The Santa Cruz Sentinel reports that the owner of the Brookdale Inn and Spa pleaded no contest to felony insurance fraud and two misdemeanors related to unpermitted construction and a lack of worker’s compensation insurance. Sanjiv Kakkar, 51, faces less than a year of jail time, a $10,000 fine and restitution to an insurance company when he is sentenced in October. Judge Timothy Volkmann said in court that the sentence might be served through work release or another alternative. Prosecutor Kelly Walker said outside court that the pleas were “appropriate, given the circumstances.”

In 2011, inspectors found disturbed asbestos during a construction project at the Inn. Authorities told Kakkar not to allow anyone in the dining hall. Later that day, Kakkar held a Valentine’s Day luncheon with about 150 senior citizens, prosecutors said. None of the seniors were sickened. Kakkar pleaded guilty to a misdemeanor health and safety code violation for unlawfully operating the dining facility.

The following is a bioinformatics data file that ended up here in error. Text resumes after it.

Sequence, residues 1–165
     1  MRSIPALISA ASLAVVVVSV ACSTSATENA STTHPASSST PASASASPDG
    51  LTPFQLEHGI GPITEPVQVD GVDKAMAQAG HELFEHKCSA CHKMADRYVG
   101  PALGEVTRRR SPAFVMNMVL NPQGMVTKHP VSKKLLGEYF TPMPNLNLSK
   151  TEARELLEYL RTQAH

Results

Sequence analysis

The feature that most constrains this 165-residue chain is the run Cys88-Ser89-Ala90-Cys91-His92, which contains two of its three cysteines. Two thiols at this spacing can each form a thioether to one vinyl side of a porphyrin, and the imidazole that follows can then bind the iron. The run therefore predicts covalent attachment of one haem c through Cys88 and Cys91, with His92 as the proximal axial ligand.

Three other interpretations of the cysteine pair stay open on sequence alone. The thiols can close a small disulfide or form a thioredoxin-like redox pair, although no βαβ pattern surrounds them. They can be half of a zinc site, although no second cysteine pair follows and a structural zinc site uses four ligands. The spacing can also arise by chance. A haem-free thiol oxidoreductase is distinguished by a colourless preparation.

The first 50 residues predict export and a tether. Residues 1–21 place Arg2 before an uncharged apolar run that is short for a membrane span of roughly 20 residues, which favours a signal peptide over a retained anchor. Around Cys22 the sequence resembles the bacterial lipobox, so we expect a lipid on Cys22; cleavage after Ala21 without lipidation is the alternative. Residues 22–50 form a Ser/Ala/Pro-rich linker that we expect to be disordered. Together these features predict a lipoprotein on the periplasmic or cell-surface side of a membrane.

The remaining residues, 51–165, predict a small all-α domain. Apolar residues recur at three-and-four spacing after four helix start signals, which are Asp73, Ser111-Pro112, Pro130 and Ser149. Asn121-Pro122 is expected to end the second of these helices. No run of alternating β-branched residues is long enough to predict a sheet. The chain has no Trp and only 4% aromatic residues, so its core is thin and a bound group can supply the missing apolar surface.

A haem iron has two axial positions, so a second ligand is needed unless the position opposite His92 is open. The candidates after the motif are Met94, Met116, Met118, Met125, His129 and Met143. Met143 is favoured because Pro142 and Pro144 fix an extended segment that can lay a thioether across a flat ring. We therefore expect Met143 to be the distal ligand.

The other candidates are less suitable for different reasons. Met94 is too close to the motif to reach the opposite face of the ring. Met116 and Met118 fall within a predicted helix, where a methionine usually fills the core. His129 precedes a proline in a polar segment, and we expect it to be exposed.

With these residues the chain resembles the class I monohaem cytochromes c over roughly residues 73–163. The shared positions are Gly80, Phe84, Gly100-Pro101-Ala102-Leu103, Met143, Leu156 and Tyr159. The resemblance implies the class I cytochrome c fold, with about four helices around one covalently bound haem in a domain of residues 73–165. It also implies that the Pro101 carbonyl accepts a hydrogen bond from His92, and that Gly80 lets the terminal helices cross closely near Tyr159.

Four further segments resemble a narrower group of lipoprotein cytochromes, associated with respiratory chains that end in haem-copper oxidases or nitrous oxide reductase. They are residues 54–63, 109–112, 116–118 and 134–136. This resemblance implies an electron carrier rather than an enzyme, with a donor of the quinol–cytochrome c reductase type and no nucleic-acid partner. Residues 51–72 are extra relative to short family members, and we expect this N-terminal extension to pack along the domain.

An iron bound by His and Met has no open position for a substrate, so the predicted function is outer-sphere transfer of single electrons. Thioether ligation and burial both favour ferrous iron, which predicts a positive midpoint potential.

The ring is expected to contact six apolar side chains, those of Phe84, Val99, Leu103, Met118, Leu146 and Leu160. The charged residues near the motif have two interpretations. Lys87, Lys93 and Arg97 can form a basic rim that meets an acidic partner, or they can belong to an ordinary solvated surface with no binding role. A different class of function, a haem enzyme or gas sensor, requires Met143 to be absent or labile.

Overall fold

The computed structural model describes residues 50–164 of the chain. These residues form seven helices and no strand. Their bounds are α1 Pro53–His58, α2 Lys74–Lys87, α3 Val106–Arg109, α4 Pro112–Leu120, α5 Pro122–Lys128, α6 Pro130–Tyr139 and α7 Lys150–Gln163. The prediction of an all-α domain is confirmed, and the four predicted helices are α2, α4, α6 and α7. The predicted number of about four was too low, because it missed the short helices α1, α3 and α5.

Kakkar and his wife, 49-year-old Neelam Kakkar, bought the Brookdale Lodge at 11570 Highway 9 in the summer of 2007 and renamed it. Built in the 1890s, it had hosted Marilyn Monroe and President Herbert Hoover in its heyday. It had 46 hotel rooms, 45 apartments, 30 storage units and a large restaurant and bar.

In 2008, a worker spoke with Sanjiv Kakkar about filing a worker’s compensation claim. But prosecutors said Kakkar dissuaded him from filing the claim. He pleaded no contest to felony insurance fraud related to dissuading the employee. Sanjiv Kakkar also pleaded no contest to felony insurance premium fraud because he paid some employees in cash to reduce the payroll amount he reported to insurers. Sanjiv Kakkar also failed to maintain worker’s compensation insurance, a misdemeanor to which he also pleaded no contest. Neelam Kakkar also had faced charges because she signed her name on some payroll documents, but her charges were dismissed in the plea agreement.

A 2010 civil suit brought by six former employees alleged that Kakkar bounced paychecks, inflicted emotional distress and did not provide rest and meal breaks, according to the civil filing. That case is due back in court July 25 potentially to set a trial date.